Thursday, March 24, 2016

Salt (03/24/16)

Breaking News. There has been a recent chemical spill on Main Street in Cincinnati, Ohio. The dangerous chemical, which is called "sodium chloride" by the scientists who produced it, is easily dissolved in water and may threaten the nearby water supply. It can cause injury if it enters the eye and it causes pain in open wounds. Police are now clearing the area and authorities recommend everyone in a 100 mile radius to evacuate immediately.

Disclaimer: Sodium chloride, abbreviated as NaCl or "salt" isn't as dangerous as it seems in the above news article (which is again satirical and has no connection to actual events), but instead has been very helpful to humans for generations.

Christians, you've probably heard and maybe even memorized the verse in Matthew about being the salt of the earth. ("You are the salt of the earth. But if the salt loses its saltiness, how can it be made salty again? It is no longer good for anything except to be thrown out and trampled by men." Matthew 5:13 NI©1984) Chances are, you've probably heard sermons about discipleship that include this verse as well. There are several posters, wristbands, and other kinds of merchandise out there that encourage people to be the salt of the earth.

It's interesting to see the different ways you can use salt and apply them to this verse. The most common application is that salt is used as a flavoring enhancer to find what is already there and bring it out more. Salt is also used for preservation of foods, especially meats, if enough is used. Nowadays, we also use salt to lower the melting  point of water along roadways so we don't have to drive on snow and ice. Rubbing salt in an open wound causes pain, and it also comes with a cliche expression about making a painful experience worse, sometimes unnecessarily or for revenge.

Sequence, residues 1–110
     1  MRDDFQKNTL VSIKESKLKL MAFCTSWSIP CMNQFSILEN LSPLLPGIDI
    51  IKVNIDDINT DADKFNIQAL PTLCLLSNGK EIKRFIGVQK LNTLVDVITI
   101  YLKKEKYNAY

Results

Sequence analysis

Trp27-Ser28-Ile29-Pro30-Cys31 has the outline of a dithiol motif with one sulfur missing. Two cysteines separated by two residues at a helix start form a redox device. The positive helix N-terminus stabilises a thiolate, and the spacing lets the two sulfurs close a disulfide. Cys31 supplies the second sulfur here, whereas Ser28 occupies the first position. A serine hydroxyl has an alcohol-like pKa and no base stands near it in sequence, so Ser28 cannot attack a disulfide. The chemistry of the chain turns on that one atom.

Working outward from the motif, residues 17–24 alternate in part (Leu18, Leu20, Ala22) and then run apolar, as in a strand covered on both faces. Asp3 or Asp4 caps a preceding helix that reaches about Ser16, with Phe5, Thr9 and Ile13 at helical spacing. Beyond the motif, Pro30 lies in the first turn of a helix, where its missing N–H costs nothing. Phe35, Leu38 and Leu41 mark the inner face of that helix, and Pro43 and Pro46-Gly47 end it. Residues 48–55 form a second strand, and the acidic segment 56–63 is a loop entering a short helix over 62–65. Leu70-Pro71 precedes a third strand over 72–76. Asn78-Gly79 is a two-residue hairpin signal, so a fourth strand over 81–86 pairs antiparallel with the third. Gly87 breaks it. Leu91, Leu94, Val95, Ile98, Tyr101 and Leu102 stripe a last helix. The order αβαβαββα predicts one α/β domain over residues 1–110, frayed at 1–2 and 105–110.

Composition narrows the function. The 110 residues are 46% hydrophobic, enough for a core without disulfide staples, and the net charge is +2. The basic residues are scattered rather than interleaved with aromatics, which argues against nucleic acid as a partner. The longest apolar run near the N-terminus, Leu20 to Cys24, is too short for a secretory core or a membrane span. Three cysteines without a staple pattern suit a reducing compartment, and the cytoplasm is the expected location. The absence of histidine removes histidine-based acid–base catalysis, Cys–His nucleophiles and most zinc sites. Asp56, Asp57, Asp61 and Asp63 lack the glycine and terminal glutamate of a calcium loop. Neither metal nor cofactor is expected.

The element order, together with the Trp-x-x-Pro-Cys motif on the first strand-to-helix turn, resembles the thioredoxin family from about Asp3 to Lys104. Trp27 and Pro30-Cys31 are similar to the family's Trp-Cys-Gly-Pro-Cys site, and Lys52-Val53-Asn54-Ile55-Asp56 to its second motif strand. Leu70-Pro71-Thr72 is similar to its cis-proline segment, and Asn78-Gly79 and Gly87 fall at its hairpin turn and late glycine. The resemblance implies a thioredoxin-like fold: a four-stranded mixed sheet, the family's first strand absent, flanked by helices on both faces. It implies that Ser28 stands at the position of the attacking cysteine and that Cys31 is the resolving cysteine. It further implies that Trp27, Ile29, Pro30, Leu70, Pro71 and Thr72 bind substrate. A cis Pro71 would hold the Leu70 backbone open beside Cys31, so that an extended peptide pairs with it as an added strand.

There are a few other interesting verses including salt. In Colossians 4:6, Paul writes, "Let your conversation be always full of grace, seasoned with salt, so that you may know how to answer everyone." (NIV ©2011). In Genesis, God destroyed the towns of Sodom and Gomorrah but told Lot and his family to escape beforehand. They were told not to look back at the city as it was being destroyed. According to Genesis 19:26, "But Lot's wife looked back, and she became a pillar of salt." (NIV ©2011). Sacrifices were to be salted, and a handful of salt was used in 2 Kings chapter 2 to heal some water that had been unclean. After some cities were destroyed, salt was spread onto their remains.

I don't know why, but salt seems to intrigue me. I'm not sure if any of this means anything to you, but there's some connection for me and I feel like I'm either really close to finding it or I have already found it and I just haven't realized it yet.

The good news is, salt still makes food more delicious, no matter how you interpret it.

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